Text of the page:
• Since there were no such expectations issued by “that overbearing braggart marketing department at Apple,” iPhone didn’t miss any “damn expectations” other than some wildly overreaching ones set by Wall Street analysts who may or may not have stood to benefit if Apple “failed” to meet their ginned up, ridiculous, unachievable numbers. Hint: Wall Street analysts are the ones about whom you’re actually complaining, Neil. Some free advice: An overbearing TV anchor’s totally misplaced criticism doled out under the title of “Common Sense” should be a skit on Saturday Night Live, not Fox News Channel – unless FNC’s looking for lighter fare.
• Yes, AT&T stated that 146,000 iPhones were activated in the day and a half, but Cavuto immediately mistakes “activations” for “sales.” Apple did not sell “146,000 items at a minimum of 500 bucks a pop,” they sold 270,000. Even less “shabby,” huh, Neil? (Source: Apple Inc. Q3 2007 Unaudited Summary Data issued along with the Q3 07 earnings results press release.) It’s not that confusing, Neil, but you did admit in your full piece that you were “an awful student,” which we actually believe – even though you said it.
• Apple has set just two iPhone goals: 1 million iPhone units sold by the end of the company’s Q4 07 quarter ending September 29, 2007 and 10 million iPhone units sold in 2008. We shall see if they hit those goals.
Neil, check your facts before you pontificate, lest you look the fool. It’s just “common sense.”
Neil Cavuto: email@example.com
Not like Cavuto. Sounds as though somebody wanted to do a cocky, superior-than-thou piece today.
Standard Fox News yellow journalism – feces galore.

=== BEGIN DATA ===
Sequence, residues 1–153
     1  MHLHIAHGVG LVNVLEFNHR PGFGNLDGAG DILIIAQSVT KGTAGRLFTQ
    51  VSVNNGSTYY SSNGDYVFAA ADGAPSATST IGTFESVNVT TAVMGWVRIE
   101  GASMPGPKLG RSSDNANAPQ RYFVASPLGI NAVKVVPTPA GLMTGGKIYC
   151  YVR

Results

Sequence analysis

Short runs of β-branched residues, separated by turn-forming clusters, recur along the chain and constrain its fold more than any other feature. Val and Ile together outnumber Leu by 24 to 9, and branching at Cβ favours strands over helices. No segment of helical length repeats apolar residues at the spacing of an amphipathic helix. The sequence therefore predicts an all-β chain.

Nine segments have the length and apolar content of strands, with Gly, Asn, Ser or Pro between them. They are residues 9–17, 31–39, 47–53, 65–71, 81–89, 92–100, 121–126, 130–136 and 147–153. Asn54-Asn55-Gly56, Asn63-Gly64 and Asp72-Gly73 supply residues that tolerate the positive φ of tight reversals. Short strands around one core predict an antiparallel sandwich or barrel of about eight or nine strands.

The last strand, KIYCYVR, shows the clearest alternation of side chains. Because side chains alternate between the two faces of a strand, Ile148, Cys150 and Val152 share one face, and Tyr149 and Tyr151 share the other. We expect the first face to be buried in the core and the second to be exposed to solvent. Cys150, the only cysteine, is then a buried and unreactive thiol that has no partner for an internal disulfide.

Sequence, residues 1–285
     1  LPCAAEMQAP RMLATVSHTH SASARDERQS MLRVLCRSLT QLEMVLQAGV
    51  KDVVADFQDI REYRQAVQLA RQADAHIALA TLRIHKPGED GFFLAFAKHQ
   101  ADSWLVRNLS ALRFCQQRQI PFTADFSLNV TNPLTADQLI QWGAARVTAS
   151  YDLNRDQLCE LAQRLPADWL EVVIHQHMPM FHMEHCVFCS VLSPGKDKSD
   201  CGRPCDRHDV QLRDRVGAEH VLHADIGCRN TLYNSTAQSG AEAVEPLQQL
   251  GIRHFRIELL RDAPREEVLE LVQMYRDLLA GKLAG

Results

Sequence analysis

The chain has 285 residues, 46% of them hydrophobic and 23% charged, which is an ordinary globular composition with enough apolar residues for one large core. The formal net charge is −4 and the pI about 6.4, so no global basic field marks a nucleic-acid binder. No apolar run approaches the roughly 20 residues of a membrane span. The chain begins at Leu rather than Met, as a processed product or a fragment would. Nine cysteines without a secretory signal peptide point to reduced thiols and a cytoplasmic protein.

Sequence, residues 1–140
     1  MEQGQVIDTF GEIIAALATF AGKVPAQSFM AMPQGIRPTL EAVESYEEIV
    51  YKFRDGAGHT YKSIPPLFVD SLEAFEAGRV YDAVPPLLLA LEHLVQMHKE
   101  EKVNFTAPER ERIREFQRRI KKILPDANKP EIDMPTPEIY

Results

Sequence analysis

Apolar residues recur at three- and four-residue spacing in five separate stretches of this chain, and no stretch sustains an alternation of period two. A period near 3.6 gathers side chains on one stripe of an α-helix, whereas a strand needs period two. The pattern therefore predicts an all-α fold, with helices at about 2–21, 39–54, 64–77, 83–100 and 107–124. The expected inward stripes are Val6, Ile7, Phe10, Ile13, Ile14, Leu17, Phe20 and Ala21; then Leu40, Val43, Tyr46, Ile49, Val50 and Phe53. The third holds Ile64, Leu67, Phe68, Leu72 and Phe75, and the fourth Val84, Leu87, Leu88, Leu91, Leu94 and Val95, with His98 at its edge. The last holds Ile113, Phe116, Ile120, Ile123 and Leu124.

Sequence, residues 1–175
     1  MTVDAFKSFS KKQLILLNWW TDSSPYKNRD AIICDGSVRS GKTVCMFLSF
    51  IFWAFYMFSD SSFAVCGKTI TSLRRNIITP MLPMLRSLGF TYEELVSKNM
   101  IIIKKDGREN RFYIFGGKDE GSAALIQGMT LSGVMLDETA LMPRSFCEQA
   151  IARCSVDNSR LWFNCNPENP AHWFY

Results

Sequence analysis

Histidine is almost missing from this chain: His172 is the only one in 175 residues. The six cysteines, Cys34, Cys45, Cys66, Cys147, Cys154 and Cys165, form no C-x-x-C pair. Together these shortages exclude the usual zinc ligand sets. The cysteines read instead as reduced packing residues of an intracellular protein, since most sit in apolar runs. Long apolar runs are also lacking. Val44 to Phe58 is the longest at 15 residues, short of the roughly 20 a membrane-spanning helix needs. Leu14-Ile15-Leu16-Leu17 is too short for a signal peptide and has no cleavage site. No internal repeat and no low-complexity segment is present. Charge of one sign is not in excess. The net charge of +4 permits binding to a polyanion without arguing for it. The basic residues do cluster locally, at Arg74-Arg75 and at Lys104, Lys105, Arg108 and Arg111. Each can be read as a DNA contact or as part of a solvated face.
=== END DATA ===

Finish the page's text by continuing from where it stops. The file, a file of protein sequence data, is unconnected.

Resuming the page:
Beautiful dissection as usual, MDN.
Damn, and I like (liked) the guy
“…Chief Astrophysicist for The Weekly World News…”
Really did laugh out loud at that one!
He usually shows better judgement than this.
I bet he will respond to responsible emails.
Coulda been worse, we could have had Bill O’Reilly declare Apple.com a “hate site” and issued a fatwa against using any Apple products. Billo can do this because he is so much superior to the rest of us in terms of morality and rational, measured discourse.
Just ask Andrea Mackris.
I wish MDN would stop attacking people who criticise Apple with regards to the iPhone. I think some criticism is good, and valid, with the iPhone.
For instance, the device only being 2.5G (GSM + GPRS/EDGE) is a valid criticism. Most other developed countries in the world are moving to 3.5G (UMTS + HSDPA) with GSM being a ‘fallback’ for International Interoperability – Japan (for example) only has 3G, with Australia fast going the same way (as with most of Asia, with Europe following the same path). The tag-line continually thrown out by Apple (COO Tim Cook) that: